Hardly ten days after Chhutki left, Badki fell ill. Despite the medication administered by the village quacks, there was no improvement in her condition whatsoever. She made pilgrimages to the various holy places hoping for a cure. When she eventually informed her husband by telephone, he came down, bore her off to the city where he worked and made an appointment for her with a general physician who not only had a successful practice, but also made home visits.
The doctor asked the patient about her symptoms, to which Badki replied in a weak voice, ‘I’ve lost my appetite. I always have a splitting headache. I suffer from insomnia and indigestion. It has been days since I have had a normal bowel movement.’
‘Stick out your tongue,’ ordered the doctor. Badki did as she was bid. ‘Open your mouth wide.’ Badki obeyed again. The doctor hurriedly said, ‘Okay, that’s enough.’
He then listened to her heartbeat with a stethoscope before checking her pulse. ‘Her digestion is affected, producing the other symptoms,’ he declared. He accepted his fee and wrote out a prescription. He said he would need to see her after three days.
Badki’s husband dropped her back to the village after buying her medicines. Although Badki religiously took her medicines as prescribed, she found no relief even after the stipulated three days.
Badki’s husband brought her back to the city. This time he showed her to a specialist who ran a battery of tests. ‘I can’t find anything wrong with these results,’ said the mystified specialist. ‘Let me prescribe some other medicines, however. Come back to me after five days.’
Badki flounced out of the doctor’s cabin in a huff and her embarrassed husband ran after her. She turned on him furiously. ‘What kind of a quack is this guy? He knows nothing. How in the name of the devil will he treat me?’ And with that she returned home, deeply annoyed.
At night, she said to her elder son, ‘Call your cousins in Agra. I want to talk to your maasi.’
The soldier, who had just come home from work, answered, ‘Hello, who is this?’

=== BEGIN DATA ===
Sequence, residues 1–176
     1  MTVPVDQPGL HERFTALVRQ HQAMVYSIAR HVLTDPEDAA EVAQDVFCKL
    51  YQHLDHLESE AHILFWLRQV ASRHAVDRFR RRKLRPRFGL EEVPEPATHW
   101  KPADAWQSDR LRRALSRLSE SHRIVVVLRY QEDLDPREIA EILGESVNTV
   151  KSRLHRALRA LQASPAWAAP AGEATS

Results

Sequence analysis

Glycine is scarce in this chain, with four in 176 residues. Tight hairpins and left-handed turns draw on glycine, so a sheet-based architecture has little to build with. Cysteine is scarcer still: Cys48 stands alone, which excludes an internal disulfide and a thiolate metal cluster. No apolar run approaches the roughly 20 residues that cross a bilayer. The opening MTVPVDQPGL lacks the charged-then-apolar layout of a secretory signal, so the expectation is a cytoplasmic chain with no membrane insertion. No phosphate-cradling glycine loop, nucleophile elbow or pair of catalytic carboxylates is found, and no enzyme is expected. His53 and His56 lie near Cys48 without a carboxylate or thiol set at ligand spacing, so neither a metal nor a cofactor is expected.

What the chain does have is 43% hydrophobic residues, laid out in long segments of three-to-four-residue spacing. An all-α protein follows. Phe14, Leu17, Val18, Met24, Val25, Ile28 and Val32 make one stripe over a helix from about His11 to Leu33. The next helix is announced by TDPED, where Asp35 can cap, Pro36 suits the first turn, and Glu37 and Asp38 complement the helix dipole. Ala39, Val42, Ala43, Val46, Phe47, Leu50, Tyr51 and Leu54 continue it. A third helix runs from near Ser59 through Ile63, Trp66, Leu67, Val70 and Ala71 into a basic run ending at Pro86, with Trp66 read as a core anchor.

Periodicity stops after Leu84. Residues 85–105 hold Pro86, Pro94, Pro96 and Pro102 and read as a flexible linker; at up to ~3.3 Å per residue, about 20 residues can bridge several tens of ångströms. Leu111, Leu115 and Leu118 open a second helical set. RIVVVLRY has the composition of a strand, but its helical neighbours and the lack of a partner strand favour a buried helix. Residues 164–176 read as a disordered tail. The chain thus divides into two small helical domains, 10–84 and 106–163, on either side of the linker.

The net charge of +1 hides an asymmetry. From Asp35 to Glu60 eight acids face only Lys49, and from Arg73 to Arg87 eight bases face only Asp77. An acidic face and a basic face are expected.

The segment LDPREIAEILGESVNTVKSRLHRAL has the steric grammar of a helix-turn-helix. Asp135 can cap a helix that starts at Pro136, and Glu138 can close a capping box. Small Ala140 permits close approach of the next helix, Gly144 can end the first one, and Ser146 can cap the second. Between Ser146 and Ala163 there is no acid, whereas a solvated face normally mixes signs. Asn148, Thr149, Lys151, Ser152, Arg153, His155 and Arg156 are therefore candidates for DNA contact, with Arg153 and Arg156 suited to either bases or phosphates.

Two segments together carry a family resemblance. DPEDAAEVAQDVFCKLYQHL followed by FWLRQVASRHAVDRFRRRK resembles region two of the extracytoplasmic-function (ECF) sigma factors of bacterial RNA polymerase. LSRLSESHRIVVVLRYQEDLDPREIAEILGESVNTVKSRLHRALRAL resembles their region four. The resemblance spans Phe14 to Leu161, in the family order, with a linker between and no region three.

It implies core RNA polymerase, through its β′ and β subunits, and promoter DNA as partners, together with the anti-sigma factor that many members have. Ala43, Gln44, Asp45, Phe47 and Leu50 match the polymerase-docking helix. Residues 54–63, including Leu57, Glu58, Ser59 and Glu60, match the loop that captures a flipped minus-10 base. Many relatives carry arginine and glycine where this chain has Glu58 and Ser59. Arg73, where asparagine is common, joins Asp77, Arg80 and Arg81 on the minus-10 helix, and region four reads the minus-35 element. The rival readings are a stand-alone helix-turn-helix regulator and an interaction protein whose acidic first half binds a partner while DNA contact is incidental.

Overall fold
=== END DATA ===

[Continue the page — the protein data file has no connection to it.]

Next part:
‘It’s me . . . Golu.’
‘Yes, Golu. Tell me . . . is everything okay?’
‘Everything is fine.’
‘Is budhi-maa okay?’ he said, referring to his mother; all the kids were used to calling their grandmother budhi-maa or ‘old-mother’.
‘Yes, she is. Please give the phone to maasi. Ammi wants to talk to her.’
The soldier handed the phone to Chhutki. ‘A call from home.’
Chhutki snatched the phone. ‘I’m Chhutki. Who is this?’
‘It’s me . . . Badki.’
‘Idiot! Why this urgent need to talk to me?’
‘Did you see the Red Fort and the Taj Mahal?’
‘May you suffer, dari.
‘I’m already very unwell.’
‘You’ll die suffocating,’ Chhutki retorted, unsympathetically.
‘Did you sit in the aeroplane?’
‘Don’t you dare talk, witch! I’m also unwell. Agra’s water doesn’t suit me.’
‘You left me behind to go gallivanting with your husband. You had to pay, so pay!’
‘You’re a monster from another life, dari!’
‘And acting like a lioness just because you are at a safe distance, you hedgehog! If you have any guts, and are a red-blooded man’s daughter, I dare you to come to the village and face me . . .’ Badki challenged again. ‘Trying to behave like a soldier’s wife from far away!’
‘I’ll be back in two days, dari . . . and then see if I don’t grab your braids, twirl you around and hurl you a hundred yards out! Then you’ll know whether I’m the daughter of a red-blooded man or not!’
The soldier was dumbstruck to see the transformation in his wife. She seemed to have instantly thrown off the wan, sickly air that she had been carrying for days now.
Upon hearing that Chhutki was due to return in two days, Badki immediately switched off her phone.
That night she devoured several rotis and polished off a double helping of milk and rabdi. The next day she tossed out the packet of medicines. She announced, ‘It has been ages since I slept as well as I did last night.’
Excerpted with permission from Pataakha, Vishal Bhardwaj, Penguin Books India.